After Trump claimed Saturday that FDA employees were engineering delays to sabotage his re-election, Meadows said the president’s tweet reflected “frustration” with bureaucrats in the agency.

“They want to do things the way they’ve always done it,” Meadows said on ABC’s “This Week.” “This president is about cutting red tape. That’s what the tweet was all about.

Meadows suggested part of the reason Trump tweeted about the FDA is that he wants to make federal health agencies “feel the heat” to deliver results. On “Fox News Sunday,” Meadows said “the announcement that’s coming today should have been made several weeks ago.”

“It was a fumble by a number of people in the federal government that should have done it differently, and having been personally involved with it, sometimes you have to make them feel the heat if they don’t see the light,” he said.

Former FDA Commissioner Scott Gottlieb, who left the Trump administration in April 2019, said Sunday on CBS that there were “perceived delays” in making the authorization for blood plasma because of worries among top health officials.

“It was reported this week that [the National Institutes of Health] had misgivings about FDA going forward with that authorization. But there’s reasons people have some questions,” Gottlieb said on “Face the Nation.” “The trial that -- that’s going to be based on, 70,000 patients, wasn’t a very vigorously done trial.”

The emergency use order will probably allow more commercial distribution “and it will allow manufacturers of plasma products to more easily recoup the cost,” he said. “But the bottom line is, it’s widely available right now. Patients are getting it.”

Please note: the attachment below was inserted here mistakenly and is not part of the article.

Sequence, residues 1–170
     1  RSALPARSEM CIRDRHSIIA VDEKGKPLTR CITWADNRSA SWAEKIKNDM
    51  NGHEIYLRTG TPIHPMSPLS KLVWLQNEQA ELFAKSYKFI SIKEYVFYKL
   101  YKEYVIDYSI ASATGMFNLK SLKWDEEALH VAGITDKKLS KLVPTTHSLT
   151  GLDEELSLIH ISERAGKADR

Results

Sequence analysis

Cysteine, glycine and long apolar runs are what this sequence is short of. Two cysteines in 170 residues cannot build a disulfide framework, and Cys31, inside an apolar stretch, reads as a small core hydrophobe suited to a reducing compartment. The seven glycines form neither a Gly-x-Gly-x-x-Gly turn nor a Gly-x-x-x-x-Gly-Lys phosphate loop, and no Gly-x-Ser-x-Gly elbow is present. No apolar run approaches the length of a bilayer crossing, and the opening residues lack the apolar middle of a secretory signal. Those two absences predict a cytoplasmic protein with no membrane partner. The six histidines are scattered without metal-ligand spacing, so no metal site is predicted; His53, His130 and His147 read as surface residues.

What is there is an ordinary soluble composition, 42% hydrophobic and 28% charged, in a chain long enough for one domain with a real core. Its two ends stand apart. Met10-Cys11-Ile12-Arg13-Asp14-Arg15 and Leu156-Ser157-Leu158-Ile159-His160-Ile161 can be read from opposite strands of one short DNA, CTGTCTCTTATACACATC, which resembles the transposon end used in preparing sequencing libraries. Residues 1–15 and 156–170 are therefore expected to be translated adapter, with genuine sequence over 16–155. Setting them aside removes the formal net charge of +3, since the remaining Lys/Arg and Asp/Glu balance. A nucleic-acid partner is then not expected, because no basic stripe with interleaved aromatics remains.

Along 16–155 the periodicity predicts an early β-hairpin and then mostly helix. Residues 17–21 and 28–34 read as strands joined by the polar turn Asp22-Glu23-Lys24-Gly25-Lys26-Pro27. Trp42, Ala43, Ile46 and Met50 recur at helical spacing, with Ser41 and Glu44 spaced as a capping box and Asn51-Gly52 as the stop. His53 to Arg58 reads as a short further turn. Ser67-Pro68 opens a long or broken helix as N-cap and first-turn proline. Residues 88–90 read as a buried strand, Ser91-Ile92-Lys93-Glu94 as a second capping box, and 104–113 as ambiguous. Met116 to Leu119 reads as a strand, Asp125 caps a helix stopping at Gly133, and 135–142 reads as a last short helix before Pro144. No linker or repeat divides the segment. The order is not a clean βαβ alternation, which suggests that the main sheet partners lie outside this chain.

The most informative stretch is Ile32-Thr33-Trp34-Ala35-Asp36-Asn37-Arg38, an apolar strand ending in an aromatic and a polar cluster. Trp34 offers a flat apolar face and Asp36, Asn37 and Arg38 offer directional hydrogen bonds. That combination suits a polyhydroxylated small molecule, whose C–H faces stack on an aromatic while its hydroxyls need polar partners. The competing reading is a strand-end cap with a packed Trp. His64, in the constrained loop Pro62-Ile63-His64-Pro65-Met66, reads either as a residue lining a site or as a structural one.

Separately, the Financial Times reported on Sunday that Trump is considering whether to bypass normal U.S. regulatory standards to fast-track an experimental coronavirus vaccine from the U.K. for use in the U.S. before November’s election, via an EUA.

A spokesman for HHS, which oversees the FDA, told the newspaper any claim that an emergency-use authorization would be issued before the election was “absolutely false.”

The Mayo Clinic’s data, posted on a website used by researchers to disseminate their results before they are ready to be formally published, showed that patients getting convalescent plasma with the highest levels of antibodies were 35% more likely to survive than those who got lower levels. While treatment with higher antibody levels improved survival, all of the patients received convalescent plasma.

That distinction was papered over during Trump’s news conference, where the president said the therapy was proven “very effective” and Hahn said the product itself -- not its precise composition -- was saving lives.

“A 35% improvement in survival is a pretty substantial clinical benefit,” Hahn said. “What that means is that, if the data continue to pan out, 100 people who are sick with Covid 19, 35 would have been saved by the administration of plasma.”

What the study actually showed was that treating those 100 people who would have otherwise died with higher antibody levels saved 35 lives, compared with giving all of them plasma units with lower doses of antibodies. It doesn’t shed any light on how they would have fared compared to standard treatment.

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